Finally, Peri presents two covers. The first is of Phil Och's "When I'm Gone." The arrangement is tight, and Peri's voice lends a new clarity and beauty to Phil's lyrics. Peri's take is somewhat laid back, and thus lacks urgency that's present in and drives the song's original incarnation. No matter, for Peri manages to deliver the same message in her own unique way.

The album ends with a cover of Janis Ian's "Joy." Peri manages to make this song her own, especially with the expert keyboard stylings of Josh Neslon in place of the guitar of the original recording. I do miss those few seconds of chorus that set apart the word "joy" on the original, nevertheless, Peri's version manages to get inside me just as Janis Ian's did.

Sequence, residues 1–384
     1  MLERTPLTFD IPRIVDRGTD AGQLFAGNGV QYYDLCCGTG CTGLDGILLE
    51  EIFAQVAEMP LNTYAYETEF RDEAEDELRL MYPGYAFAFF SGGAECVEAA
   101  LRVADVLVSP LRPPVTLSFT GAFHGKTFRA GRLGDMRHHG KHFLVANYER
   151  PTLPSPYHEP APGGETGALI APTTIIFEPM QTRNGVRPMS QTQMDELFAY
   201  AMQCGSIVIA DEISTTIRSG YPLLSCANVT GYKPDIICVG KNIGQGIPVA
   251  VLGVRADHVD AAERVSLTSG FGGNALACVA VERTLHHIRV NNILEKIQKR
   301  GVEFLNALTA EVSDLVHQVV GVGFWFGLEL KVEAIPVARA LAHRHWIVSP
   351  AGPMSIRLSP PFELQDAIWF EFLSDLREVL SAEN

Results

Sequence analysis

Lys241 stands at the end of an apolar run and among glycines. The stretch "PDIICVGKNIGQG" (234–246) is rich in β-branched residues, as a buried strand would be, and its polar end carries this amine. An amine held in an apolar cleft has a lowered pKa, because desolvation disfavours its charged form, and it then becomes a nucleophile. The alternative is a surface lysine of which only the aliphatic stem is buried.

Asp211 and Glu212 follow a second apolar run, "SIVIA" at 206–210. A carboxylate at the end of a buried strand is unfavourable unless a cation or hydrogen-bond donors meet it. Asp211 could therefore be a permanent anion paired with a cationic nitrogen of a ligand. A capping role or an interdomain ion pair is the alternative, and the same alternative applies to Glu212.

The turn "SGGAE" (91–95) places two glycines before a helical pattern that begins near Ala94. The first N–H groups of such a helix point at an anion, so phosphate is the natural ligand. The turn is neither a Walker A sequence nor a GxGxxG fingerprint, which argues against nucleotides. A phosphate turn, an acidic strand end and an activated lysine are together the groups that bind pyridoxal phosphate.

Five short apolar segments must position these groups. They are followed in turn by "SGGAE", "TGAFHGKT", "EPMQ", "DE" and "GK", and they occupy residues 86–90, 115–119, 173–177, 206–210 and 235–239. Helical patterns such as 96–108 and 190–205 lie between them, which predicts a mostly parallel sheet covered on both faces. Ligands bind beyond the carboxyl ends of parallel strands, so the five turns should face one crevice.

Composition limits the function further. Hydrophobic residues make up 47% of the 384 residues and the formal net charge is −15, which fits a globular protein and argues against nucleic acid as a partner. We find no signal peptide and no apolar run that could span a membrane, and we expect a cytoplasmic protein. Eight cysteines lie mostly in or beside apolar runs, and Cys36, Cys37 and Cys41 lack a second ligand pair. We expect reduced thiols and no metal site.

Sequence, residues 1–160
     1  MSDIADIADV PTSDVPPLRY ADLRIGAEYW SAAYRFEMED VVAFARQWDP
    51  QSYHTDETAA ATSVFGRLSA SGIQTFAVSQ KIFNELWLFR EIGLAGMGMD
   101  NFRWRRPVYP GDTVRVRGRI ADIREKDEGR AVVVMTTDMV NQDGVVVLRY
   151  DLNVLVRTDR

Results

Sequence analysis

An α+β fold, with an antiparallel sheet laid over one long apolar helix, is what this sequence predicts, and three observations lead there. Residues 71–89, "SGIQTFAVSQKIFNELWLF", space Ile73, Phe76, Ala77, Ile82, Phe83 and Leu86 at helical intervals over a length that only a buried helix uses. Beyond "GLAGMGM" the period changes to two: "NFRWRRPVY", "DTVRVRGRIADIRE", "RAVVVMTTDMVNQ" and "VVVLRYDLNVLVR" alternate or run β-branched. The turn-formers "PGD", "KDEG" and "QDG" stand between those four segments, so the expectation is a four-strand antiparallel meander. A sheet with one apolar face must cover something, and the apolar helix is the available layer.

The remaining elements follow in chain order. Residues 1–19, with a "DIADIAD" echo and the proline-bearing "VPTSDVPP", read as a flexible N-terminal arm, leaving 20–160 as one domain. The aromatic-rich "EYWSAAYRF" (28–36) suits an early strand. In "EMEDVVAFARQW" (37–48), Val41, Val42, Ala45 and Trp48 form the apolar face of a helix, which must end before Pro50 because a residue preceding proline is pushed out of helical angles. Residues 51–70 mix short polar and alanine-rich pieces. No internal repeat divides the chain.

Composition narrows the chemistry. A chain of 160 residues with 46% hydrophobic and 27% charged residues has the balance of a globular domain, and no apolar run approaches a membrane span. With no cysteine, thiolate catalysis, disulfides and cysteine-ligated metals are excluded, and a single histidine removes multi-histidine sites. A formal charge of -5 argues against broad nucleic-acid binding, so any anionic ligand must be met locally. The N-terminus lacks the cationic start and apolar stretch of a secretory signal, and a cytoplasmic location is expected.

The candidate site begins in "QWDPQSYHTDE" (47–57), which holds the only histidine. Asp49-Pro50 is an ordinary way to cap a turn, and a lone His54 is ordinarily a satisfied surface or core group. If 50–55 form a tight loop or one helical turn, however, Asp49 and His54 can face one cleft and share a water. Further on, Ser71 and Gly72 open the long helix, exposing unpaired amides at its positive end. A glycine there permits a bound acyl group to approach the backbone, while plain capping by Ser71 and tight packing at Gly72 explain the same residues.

In keeping with her penchant for working across boundaries, in “Gomeil” Peri’s backup singers are all from the Calvary Baptist Church in Morristown, NJ. As I stated earlier, what makes this album work so well is that...well, everything works so well, and is top notch. It wasn't manic in some spots and depressive in others, though that's not to say it doesn't have variety. The mix of songs and styles in part of that certain something that this album has that makes it so good. Peri has a beautiful, lyric voice that's easy on the ears. The arrangements and backup musicians are all top notch and solid.  In summary, "Blessings" is worthy addition to your collection of Jewish music.

Janis Ian's "Joy" is perhaps the culmination of her 4 decade-long career. “‘Joy’ could be her ‘Forever Young’,” as Americana-uk.com reviewer Robin Cracknell put it. Let's hope "Blessings" is not the last we hear from Peri, because she, and her music truly are as the title says.

Blessings is available from the following sources:

Peri has a website: www.perismilow.com 
and a FaceBook page

Review: Reunion - Julie Silver

reunion CD cover